Now what is a no no is definitely the wrong choice of masks. Rightly coined by a Hong Kong professor as a selfish mask, these are masks with valves. Never wear those. These may be labeled as N95 but are meant to filter dust particles. In a pandemic, we wish to filter the air one breathes out as well to protect others around them.  These masks are actually a one way sort of filter which functions really as an exhaust valve. Wearing such masks is not appropriate and in my opinion should be banned. I think many countries have highlighted this concern. The function of a fabric face mask or any sort of face mask wearing is to reduce the environmental contamination of one’s bio fluids. Hence, this reduces the overall load of the COVID-19 virus which is airborne.

The best moisturiser for dry skin may well be the right face mask 

Right now, I recommend wearing the N95 mask, or the European standard equivalent which is the FFP2 . This is generally recommended for the more infectious Delta and now the Omicron variant. The issue though is the N95 mask is that it is considerably more uncomfortable. The n95 masks sold with ear loops are actually counterfeit and one should beware. However particulate respirators with ear loops are in fact more practical. This is why you see individuals wearing the kn95 masks. What I wish to highlight is a better, more practical standard, that is actually the FFP2 mask. The FFP2 mask is tested for airtight seal with the ear loop design. However, all disposal particulate respirators are very harsh the skin. This is because of the occlusive environment it creates with a fairly tight face seal.

What I have proposed in my paper is an ideal face mask design2. Design elements can contribute to a design of a safe and effective fabric reusable fabric mask that is suitable for long wearing on the skin. The Dr.TWL Anti-aging Anti-Maskne Mask is tested in a non-healthcare setting to have equivalent filtration of a surgical mask. However, where we consider the Delta and Omicron, you really need a N95 respirator or a FFP2 EU equivalent. Not even a KN95 will make the cut. What I propose then is to actually to wear the biofunctional textile mask under the particulate respirator, a concept I coined as “reverse double masking2

A Travel Pouch helps prioritise functionality and practicality over your regular skincare routine 

Another tip that I have is has to do with functionality. It’s no use trying to use your entire seven or ten steps skincare routine on a flight, simply because it is not allowed. The flight does not allow you to bring in that many things. So I have condensed that into our travel pouch contents which contains the following. It is also what I bring around usually in my bag, not just on flights but everyday.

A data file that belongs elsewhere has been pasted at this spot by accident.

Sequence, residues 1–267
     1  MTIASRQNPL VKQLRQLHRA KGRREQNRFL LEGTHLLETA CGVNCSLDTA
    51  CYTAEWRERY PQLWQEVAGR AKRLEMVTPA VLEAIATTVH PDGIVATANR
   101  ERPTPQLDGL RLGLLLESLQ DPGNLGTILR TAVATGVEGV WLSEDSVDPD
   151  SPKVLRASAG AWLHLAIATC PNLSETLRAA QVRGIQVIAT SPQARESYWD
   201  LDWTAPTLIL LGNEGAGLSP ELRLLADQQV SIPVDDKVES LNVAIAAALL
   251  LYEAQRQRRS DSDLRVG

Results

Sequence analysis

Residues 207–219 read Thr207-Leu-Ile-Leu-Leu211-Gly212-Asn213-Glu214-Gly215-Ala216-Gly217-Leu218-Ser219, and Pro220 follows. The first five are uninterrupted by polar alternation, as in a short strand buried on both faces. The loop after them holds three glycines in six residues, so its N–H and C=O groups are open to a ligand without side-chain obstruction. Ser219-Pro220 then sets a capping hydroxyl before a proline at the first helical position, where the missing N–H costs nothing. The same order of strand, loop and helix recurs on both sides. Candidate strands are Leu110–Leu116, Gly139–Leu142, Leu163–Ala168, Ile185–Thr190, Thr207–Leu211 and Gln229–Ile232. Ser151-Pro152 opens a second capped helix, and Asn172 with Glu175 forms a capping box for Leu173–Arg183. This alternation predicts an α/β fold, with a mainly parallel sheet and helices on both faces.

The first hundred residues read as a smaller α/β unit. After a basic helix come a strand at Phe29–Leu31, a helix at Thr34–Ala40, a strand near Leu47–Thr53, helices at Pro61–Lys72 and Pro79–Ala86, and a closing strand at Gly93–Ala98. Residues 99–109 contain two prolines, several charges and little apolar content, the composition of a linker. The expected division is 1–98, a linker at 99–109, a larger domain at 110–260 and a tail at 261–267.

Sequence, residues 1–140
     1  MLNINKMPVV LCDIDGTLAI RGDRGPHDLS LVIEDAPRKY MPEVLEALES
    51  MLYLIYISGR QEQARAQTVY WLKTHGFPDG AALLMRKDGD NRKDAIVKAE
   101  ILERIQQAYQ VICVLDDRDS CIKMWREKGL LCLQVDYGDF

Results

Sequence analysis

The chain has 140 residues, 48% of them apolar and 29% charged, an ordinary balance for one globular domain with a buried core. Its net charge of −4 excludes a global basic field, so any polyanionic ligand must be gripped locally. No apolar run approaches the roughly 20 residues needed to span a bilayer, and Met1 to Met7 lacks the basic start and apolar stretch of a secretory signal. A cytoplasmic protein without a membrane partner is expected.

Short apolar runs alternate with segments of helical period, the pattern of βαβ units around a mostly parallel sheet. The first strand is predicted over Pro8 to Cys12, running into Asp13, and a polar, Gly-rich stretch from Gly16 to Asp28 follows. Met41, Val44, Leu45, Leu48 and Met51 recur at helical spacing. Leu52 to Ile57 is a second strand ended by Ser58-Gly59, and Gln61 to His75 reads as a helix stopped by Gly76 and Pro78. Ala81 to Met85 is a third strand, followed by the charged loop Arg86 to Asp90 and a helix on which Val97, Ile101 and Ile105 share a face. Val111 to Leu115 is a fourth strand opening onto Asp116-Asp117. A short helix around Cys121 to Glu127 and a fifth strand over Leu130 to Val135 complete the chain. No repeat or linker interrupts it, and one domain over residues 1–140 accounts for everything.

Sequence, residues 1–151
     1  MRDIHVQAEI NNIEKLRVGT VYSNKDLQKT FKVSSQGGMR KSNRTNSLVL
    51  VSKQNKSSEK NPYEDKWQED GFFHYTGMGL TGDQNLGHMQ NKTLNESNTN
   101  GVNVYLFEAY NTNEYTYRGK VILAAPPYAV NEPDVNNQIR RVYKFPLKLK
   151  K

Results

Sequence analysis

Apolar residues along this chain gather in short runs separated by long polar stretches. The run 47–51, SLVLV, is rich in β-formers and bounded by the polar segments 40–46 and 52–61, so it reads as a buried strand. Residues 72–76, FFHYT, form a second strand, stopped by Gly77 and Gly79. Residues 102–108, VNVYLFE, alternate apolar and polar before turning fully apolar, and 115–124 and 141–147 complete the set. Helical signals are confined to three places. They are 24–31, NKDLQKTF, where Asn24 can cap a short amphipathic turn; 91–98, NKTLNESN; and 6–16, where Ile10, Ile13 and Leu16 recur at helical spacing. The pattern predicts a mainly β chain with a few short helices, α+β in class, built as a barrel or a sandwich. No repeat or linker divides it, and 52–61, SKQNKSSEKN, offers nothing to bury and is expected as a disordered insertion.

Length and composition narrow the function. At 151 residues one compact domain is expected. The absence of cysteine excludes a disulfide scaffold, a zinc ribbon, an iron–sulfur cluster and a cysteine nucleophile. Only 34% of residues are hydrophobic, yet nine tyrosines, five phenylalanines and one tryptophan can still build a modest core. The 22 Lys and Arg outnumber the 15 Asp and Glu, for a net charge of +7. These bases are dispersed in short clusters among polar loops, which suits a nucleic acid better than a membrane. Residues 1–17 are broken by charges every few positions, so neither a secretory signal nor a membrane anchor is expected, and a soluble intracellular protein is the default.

travel skincare tips
Travel skincare tips include ensuring you have adequate rest on flights and when you touch down at your destination. A quality sleeping eye mask makes a huge difference blocking out light completely to simulate the natural circadian rhythm. This helps in cases of time differences and jet lag. 

Travel Essentials

It may not be practical to practice elaborate double cleansing or even cleansing on a flight. Get on your flight with clean skin clear of makeup. For me, I just need a good layer of moisturiser and an aviation-approved clear travel pouch with only the essentials to reapply, such as a heavy-duty lip product, and a hydrating mist which is easy and comfortable to layer on throughout the flight. It is simply impractical to apply a lot of moisturising cream when you are traveling. Consequently, a facial mist spray is the most convenient and effective way to deliver moisture to your skin throughout the day. The facial mist should contain active ingredients which are water soluble. For example, hyaluronic acid, polyglutamic acid and glycerin. These ingredients help to increase the ability of the skin to retain and attract moisture molecules.

cosmetic travel pouch
This handy PVC travel pouch can carry your makeup and skincare must-haves on any flight, as well as your on the go skincare necessities. It is lined with the biofunctional textile CUIONS as a disinfecting strip for you to clean brushes and makeup sponges. This limited edition kit comes with a set of important skin care necessities while you are travelling in the COVID-19 era. 

Maximum Skin Moisturisation

Travelling is also not time for you to bring your entire nine step skincare regimen with you in a flight or even on the trip itself. A good cream moisturiser that is ceramide based as well as a facial mist will do wonders to increase the hydration of your skin. Bearing in mind the skin microclimate is also a very useful way to enhance the moisture level of your skin. It can also reduce fine lines and wrinkles without actually applying any cream. Isn’t that great? Especially if you’re living in hot and humid tropical Singapore. How does this work? At Dr.TWL Dermaceuticals Biomaterials Research, we study novel textile cosmeceuticals, such as polysaccharides, as well as polymers. These can enhance the skin’s microclimate and produces an ideal skin environment. This encourages all the beneficial cell processes that enhance skin resilience.

References:

  1. Teo WL. Diagnostic and management considerations for “maskne” in the era of COVID-19. J Am Acad Dermatol. 2021 Feb;84(2):520-521. doi: 10.1016/j.jaad.2020.09.063. Epub 2020 Oct 1. PMID: 33011321; PMCID: PMC7528820.
  2. Teo WL. Design elements in face masks can provide an effective fit to prevent droplet spread: A reply to “Importance of nose wires in face masks”. J Am Acad Dermatol. 2021 Sep;85(3):e153-e155. doi: 10.1016/j.jaad.2021.05.017. Epub 2021 Jun 5. PMID: 34102250.
0 replies

Leave a Reply

Want to join the discussion?
Feel free to contribute!

Leave a Reply

Your email address will not be published.